13. #13
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    Quote Originally Posted by tesspug View Post
    The wonk seems to be with the butterfly strip next to the green to the other end for nine strips. I would block it as said before and if that didn't work, I would take out some of those strips and turn them or add them on the end. But I bet the blocking will take out almost all of the wonk.
    That's the strip I took apart as looking the worst. I have to admit to several quilting infractions with this one -- there are some 50% or more polyesters in the solid colors, and I KNOW they don't behave like cotton (but I still seem to think I can overcome this; wrong again), and some of the cottons are a looser weave, which I think affects how they handle. I probably did iron rather than press at times, too. In fact I'm sure I did. I have gotten away with bad habits long enough to get careless. Right now I am trying to trim wayward 2" squares along one side to see if I can straighten it up that way, then block. It's like trying to wallpaper an old or badly built house -- SOMETHING has to be declared straight in order to proceed. Thanks for your ideas.

  14. #14
    Senior Member pyffer3's Avatar
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    I did not know that when sewing strips together you should alternate sewing directions. Newbie, no one around to teach me a thing. I just finished a strip type top of blacks/whites and I guess I got lucky as it didn't look crooked. I'll post pics when I finish quilting. I think I would just try and quilt it like it is and donate it if you don't want to give it to someone like it is. I for one think it is darling and would love to be the recipient of any "wonky" quilt that someone made for me. Afterall, isn't it the thought that counts?

  15. #15
    Power Poster BellaBoo's Avatar
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    Hot iron and steam will take care of the twist. If you already pressed the seams to one side, try pressing them to the other side. That usually works for me.
    Got fabric?

  16. #16
    Super Member Dina's Avatar
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    Quote Originally Posted by Scissor Queen View Post
    Actually if you had the strip stick you could probably straighten the whole thing out by just repressing. I use mine when I have to press long straight seams like that. http://thestripstick.com/
    This strip stick is new to me, but it sure makes sense. It looks like I could even make my own. I am going to put my thinking cap on here....

    Dina

  17. #17
    Power Poster Prism99's Avatar
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    Wow about the strip stick! I just ordered both sizes. I *love* strip piecing, and this will make it even easier for me.

  18. #18
    Super Member Peckish's Avatar
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    Huh. I've been using a folded strip of flannel sheeting as a "strip stick" lol.

  19. #19
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    It's a cute quilt. In my opinion, you can't press curves like this into submission. When you complete the quilt and wash it, it will go awry again. Ask me how I know...

    Seam rip out every other column of the quilt and sew it back on from the opposite end of the column. That should reduce the curving significantly.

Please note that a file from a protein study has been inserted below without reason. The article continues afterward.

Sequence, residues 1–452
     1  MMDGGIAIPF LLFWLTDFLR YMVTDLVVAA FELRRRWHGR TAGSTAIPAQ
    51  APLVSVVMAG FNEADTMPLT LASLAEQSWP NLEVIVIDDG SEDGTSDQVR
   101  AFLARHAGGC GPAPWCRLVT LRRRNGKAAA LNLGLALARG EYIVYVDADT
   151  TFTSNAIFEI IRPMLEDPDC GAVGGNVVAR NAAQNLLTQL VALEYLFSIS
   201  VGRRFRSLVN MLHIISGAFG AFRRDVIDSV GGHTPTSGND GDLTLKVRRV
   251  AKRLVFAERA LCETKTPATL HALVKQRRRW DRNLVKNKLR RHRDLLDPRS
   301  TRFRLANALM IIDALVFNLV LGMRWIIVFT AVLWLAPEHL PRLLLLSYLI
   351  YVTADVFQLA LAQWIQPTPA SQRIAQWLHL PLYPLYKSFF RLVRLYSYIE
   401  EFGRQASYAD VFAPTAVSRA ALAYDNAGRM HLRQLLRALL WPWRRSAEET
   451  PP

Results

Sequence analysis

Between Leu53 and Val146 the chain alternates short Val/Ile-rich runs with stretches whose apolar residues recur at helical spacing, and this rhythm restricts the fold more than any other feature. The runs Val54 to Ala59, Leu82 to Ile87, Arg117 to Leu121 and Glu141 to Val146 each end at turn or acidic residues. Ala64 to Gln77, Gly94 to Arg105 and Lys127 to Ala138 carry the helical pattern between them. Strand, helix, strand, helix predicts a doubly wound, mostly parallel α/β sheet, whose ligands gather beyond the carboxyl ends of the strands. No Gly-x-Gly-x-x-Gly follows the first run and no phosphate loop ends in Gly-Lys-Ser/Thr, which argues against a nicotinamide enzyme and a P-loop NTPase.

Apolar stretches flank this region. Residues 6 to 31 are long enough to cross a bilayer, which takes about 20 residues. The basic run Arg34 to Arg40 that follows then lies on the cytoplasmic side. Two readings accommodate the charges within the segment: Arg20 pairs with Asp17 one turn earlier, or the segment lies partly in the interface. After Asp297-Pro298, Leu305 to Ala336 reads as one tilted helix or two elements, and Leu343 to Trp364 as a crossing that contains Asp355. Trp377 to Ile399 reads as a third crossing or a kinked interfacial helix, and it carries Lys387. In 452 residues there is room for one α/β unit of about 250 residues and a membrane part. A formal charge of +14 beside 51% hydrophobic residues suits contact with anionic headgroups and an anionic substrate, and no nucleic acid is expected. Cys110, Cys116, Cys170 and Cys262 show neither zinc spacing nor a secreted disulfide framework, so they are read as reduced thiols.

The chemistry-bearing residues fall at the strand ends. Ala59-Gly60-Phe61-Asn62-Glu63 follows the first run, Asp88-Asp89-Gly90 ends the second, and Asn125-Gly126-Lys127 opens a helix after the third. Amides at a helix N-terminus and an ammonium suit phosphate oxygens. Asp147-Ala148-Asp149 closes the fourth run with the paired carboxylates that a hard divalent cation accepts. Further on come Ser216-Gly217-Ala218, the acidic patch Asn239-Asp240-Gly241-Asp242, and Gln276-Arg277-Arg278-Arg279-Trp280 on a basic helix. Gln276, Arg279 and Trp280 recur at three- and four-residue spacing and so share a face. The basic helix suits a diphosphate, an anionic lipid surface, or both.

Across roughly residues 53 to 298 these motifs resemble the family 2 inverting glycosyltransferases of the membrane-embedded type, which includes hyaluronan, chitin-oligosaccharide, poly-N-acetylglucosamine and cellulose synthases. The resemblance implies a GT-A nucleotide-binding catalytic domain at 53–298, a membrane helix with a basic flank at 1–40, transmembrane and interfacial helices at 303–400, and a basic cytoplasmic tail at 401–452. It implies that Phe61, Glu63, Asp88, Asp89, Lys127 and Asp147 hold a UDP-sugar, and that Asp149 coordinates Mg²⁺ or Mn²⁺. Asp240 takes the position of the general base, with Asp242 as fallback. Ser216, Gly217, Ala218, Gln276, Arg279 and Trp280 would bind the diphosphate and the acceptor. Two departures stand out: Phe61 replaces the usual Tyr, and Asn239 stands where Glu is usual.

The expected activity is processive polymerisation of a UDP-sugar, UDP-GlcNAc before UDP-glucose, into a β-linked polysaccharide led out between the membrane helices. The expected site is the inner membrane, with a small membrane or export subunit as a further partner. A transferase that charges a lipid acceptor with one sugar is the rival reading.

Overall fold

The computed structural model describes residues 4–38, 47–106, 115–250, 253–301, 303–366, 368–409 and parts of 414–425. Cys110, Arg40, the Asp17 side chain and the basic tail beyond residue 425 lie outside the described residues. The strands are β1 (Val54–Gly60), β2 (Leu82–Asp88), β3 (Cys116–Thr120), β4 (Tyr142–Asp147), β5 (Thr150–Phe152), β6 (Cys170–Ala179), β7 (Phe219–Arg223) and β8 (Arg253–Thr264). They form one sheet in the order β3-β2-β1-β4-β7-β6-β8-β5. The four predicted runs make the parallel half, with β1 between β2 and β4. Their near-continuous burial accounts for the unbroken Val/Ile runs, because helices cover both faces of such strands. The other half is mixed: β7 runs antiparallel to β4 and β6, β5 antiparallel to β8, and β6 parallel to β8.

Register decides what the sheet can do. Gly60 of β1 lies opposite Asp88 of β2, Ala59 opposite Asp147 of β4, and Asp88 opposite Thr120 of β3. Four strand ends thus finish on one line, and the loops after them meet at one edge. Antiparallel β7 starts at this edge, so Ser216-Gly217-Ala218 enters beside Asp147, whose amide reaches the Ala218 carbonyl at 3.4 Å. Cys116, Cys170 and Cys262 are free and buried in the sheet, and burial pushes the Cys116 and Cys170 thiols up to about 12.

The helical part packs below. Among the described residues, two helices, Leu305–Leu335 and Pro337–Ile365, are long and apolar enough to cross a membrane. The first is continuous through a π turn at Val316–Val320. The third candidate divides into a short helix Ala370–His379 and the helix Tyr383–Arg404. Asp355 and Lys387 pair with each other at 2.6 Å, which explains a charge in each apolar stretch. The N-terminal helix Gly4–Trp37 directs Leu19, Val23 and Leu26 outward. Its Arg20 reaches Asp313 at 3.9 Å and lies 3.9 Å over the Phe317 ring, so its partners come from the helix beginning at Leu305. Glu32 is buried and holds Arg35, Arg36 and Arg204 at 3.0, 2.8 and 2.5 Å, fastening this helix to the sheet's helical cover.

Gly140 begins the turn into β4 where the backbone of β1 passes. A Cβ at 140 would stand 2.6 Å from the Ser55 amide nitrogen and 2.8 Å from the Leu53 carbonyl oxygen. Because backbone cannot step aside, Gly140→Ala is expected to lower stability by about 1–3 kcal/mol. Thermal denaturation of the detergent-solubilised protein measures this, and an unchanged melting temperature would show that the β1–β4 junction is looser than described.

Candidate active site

Personally, I would probably hate all that 'undo' and 're-do', but have found that fixing a mistake like this firmly embeds a loathing for that mistake in my psyche, so I am very careful NOT to make the mistake again.

  20. #20
    Power Poster nativetexan's Avatar
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    blocking it might help. spray it wet and pin it until it's square again, let dry. good luck.

  21. #21
    Super Member pattypurple's Avatar
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    I have a really off the wall idea. How about cutting the top into big blocks, adding smashing around all 4 sides and seeing back together? I think black smashing would make it pop and the curves, if noticeable, wouldn't be so bad.
    I Quilt Therefore I Am

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  22. #22
    Super Member patski's Avatar
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    I'd press it then quilt it! Its' a kids quilt and they will love it not judge it! No quilt police here!!
    Patski
    always learning

  23. #23
    Super Member Peckish's Avatar
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    Black "smashing"? That gave me a fit of giggles, lol! Must be autocorrect! I like it. I'm gonna call it smashing from now on. Hee hee.

  24. #24
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    I have had this problem with a quilt that I was supposed to" just quilt it out". It will not quilt out. Hers was 10" longer on one side. Like you said you can take apart some of the rows and sew them back together for the opposite direction. You will not have to take all of them apart. I took some apart in middle, left side, and right side and then mixed them when I stitched them back together. It worked. Good luck.

  25. #25
    Senior Member Spudgm's Avatar
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    Quote Originally Posted by pattypurple View Post
    I have a really off the wall idea. How about cutting the top into big blocks, adding smashing around all 4 sides and seeing back together? I think black smashing would make it pop and the curves, if noticeable, wouldn't be so bad.
    I was wondering the same thing. This would give you the ability to square the blocks up to a uniform size and then you could either sew them together or put sashing between.
    -Life is like a quilt...bits & pieces, joy -and- sorrow, stitched with love- http://spudgrandma.wordpress.com/